Both of my holding tank discharge ports were 3". Some campers have 1 1/2" diameter on the gray tank. With the 3" piping, it all drains faster.

This new drain manifold and Valterra slide valves have been under the trailer for 4 years now and no leaks. I probably would use ABS fittings instead of PVC as I think ABS is perfectly adequate for our trailers.

I made a similar drain manifold for my 66 Trade Wind using Valterra valves. This one I did do in ABS.

By the way, the 3" plastic piping slips into the holding tank outlets. I used a butyl "gutter seal" caulking around the pipe, and then hose clamped it tight. This is the way Airstream did it in 1986. Another crooked photo below.

David
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Old 05-31-2015, 06:24 AM   #8
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Thanks, I was thinking after I posted that the wide angle camera will create distortion and could account for the pipes appearing out of level i.e. the center appearing closer to the camera than the edges making it look warped. I don't have much experience with gluing, but the irrigation system repairs that I've done confirms that you don't have much more than 5 seconds to get the alignment before the glue sets.

Is the white pipe a schedule 40 and the black pipe PVC? They do have different size dimensions (ID/OD) don't they? Does one work better than the other? Geeze your pics make it look simple, the hard part, as you've mentioned, is getting to it. Thanks.
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Old 05-31-2015, 02:36 PM   #9
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PVC is more rigid pipe. It might be better suited for exterior jobs. PVC can handle higher pressures. It is more expensive. The adhesive mix is different. Both PVC and ABS piping systems have the associated fittings that the pipe fits into.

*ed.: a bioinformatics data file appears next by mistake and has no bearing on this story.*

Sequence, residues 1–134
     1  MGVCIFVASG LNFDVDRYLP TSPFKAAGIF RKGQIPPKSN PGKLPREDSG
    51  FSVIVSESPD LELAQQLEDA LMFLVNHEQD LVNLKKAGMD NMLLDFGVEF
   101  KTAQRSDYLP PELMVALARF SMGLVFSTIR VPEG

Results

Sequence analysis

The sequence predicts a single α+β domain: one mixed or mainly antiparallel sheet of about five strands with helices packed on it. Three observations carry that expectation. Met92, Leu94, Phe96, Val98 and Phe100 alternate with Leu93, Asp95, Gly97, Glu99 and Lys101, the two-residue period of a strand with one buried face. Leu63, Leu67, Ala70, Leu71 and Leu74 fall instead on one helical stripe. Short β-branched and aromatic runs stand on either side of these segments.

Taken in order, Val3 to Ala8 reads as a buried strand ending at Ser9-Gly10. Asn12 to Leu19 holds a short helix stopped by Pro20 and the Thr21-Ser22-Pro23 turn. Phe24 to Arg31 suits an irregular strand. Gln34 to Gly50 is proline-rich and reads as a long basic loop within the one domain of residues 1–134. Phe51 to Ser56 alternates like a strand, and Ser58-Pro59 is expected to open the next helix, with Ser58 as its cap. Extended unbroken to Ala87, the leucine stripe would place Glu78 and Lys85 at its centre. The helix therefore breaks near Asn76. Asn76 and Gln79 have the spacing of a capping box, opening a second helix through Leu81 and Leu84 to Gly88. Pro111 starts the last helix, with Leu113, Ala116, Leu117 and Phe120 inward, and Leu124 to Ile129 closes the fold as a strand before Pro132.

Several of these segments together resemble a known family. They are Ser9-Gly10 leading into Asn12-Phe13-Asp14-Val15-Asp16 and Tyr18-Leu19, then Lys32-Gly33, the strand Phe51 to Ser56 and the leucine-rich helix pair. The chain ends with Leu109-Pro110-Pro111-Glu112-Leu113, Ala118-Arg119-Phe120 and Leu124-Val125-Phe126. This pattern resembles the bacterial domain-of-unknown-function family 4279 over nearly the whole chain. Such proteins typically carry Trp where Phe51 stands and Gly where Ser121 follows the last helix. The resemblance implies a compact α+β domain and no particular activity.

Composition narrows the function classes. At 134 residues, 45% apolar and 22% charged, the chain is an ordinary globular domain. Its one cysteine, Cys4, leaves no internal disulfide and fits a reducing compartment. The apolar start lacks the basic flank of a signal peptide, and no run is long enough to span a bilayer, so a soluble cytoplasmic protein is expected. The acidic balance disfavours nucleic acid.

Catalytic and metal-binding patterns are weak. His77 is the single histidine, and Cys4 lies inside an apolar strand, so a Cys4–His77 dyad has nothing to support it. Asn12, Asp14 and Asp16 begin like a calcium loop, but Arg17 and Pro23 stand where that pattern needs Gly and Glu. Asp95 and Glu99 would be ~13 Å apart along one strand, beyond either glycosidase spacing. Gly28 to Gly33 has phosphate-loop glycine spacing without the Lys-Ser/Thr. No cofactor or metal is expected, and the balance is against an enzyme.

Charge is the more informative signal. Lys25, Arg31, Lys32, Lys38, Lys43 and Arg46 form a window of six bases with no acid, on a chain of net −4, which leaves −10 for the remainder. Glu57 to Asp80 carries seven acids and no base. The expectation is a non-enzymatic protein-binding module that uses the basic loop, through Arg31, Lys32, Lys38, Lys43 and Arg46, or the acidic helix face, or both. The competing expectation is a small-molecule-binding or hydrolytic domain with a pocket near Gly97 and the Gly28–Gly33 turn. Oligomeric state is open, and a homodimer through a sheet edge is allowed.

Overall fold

Yep, laying under the jacked up trailer removing the tank cover pan is a hard job. The tank cover bolts are rusted and break off, and the tanks are supported by the pan, so they are just hanging from their pipes (drain and vent) when the pan is dropped. My gray water valve was leaking so I had to fix it. It was a big job but what else do I have to do?

It's not uncommon for a piece of debris to get stuck in the slide valves and start leaking. Many folks cut an access hatch in the tank cover so they don't have to remove the entire cover to fix a leaking valve. I think Airstream should have provided this. For example, there is an access port below the fresh water drain valve.

David
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Old 05-31-2015, 03:36 PM   #10
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I can't add a picture right now, but I got the cover off the street side and the plumbing and valves are clearly visible. The grey water valve is more recessed to the left but the black is accessible. If I plan to convert to Valterra anyway I can saws-all the old pipes in two places, one cut inward of the Y on the grey line and one near the black water valve to remove the pipe that sticks straight out and be able to reach both of the water tank outlet clamps. I might be able to do this without dropping the pan. Comments?
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Old 05-31-2015, 08:14 PM   #11
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My ABS plastic thermoformed street side cover wasn't big enough to expose the valves and drain manifold. I had to remove the tank cover to gain access. It might be five years later Airstream changed the design to allow easier access to the drain valves.

Here is a photo of the plastic cover. It mainly covered the valve actuating rods and not much else.

I unbolted the valve halves and got the drain manifold out that way. You might be able to unbolt the valve halves and get the thing apart too.

David